It’s been more than five years since online education got a massive boost when three free online courses, all taught by Stanford professors, launched in October 2011. Each of these courses has had over 100,000 students. Soon after that, Coursera, edX, and Udacity were launched and the media started calling the courses provided by these websites “MOOCs”: Massive Open Online Courses.
Since then more than 700 universities around the world have launched free online courses. By the end of 2016, around 58 million students had signed up for at least one MOOC. Many countries around the world (e.g. India, Mexico, Thailand, Italy, and more) have launched their own country-specific MOOC platform.
Enormous amounts of information are now available online for free, ready for watching, listening or reading at any time, by anyone who’s connected. For more than a decade, private companies, nonprofits and universities alike have been experimenting with online courses, often offered for free or at low cost to large numbers of students around the world. Research has shown that it’s as effective for students to use a combination of online courses and traditional in-classroom instruction as it is to just have classes in person.
Providers of massive open online courses (called “MOOCs”) are refining ways for people who complete the classes to present their accomplishments in ways employers can understand easily. For example, students in certain classes from major MOOC provider edX can get an official Arizona State University transcript listing their courses and grades. An employer would never know the person studied online.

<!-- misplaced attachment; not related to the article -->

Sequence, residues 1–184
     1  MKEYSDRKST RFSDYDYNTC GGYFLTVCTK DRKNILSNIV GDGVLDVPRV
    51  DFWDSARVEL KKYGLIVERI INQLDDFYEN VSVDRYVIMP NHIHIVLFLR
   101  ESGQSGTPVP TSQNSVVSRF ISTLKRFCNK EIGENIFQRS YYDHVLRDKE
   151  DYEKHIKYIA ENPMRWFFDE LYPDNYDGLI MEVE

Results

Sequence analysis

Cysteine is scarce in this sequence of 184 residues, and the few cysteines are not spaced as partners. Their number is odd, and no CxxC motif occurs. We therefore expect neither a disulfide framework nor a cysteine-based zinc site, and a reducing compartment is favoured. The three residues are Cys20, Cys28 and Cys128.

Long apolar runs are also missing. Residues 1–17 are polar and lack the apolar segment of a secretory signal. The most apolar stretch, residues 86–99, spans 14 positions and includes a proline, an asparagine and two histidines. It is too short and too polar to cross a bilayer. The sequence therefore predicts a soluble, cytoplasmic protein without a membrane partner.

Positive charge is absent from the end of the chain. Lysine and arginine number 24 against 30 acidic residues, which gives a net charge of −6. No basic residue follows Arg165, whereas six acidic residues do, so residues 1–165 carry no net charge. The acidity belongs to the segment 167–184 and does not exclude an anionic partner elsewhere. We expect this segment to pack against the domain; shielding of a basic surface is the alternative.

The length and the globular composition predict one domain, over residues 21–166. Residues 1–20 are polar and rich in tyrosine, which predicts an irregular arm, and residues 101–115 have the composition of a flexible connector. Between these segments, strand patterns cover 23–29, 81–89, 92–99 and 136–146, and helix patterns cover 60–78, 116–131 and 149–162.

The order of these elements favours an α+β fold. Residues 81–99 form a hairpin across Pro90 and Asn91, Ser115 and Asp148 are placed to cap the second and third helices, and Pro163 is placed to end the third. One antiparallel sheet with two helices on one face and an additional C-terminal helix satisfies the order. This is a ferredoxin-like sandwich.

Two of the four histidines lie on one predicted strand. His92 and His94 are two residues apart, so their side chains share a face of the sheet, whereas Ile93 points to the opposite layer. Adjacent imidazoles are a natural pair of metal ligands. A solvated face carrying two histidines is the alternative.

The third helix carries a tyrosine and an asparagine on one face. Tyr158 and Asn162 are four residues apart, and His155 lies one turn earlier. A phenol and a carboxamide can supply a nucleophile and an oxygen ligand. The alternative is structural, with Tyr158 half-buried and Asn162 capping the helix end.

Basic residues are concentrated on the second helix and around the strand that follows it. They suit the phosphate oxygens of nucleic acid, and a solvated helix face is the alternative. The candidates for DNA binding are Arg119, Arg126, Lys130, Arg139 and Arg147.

In the sciences, most faculties are arguably already more researchers than teachers. Even if higher education was completely disrupted, the need to do basic research (and train PhD students to do research, which is definitely not about to be replaced with MOOCs and is already self-funding) isn’t going anywhere as long as government and foundations consider federally funded research something worth doing.
In the humanities, research is a smaller piece of the pie, but these are also the sorts of classes that aren’t particularly disruptable with MOOCs: humanities classes have for ages been based on highly and relatively cheap available material (books). The value added comes in curation (picking the right books), context (the expertise of all the other information tying it to everything else and filling in the gaps of the student to understanding the material), and individualize practice and feedback (class discussions, feedback on writing). These are all things that benefit from hands on attention with someone with a great deal of expertise, which is really hard to replace. This is also true of seminar classes in the sciences: there’s no easy way to replace being in the room with a true expert in the field.
At best, technology might change what types of classes are offered and how they’re offered: it’s easy to imagining flipped classes where students watch videos from one of the best lecturers in the world before going off to lab or discussion section. Better technology might also make remote education better, where you’d discuss the subject with people from all over the world. At the end of the day however, we’re a very long way away from any sort of technology disrupting one on one interactions with an expert in the field with a decent grasp of pedagogy.
Universities are undergoing transformation at an unprecedented rate. They are increasing online offerings and putting out more of their content online and almost free. However, they are not cutting prices to attend in person. This untenable gap could cause the demise of university system, at least a large number of them. looking within next 20 years, universities will still be around, though changing themselves and shrinking in numbers. This is because the alternative forms of education have not gained critical mass in being accepted in real world as a job qualifier.
Article by: Busayo Tomoh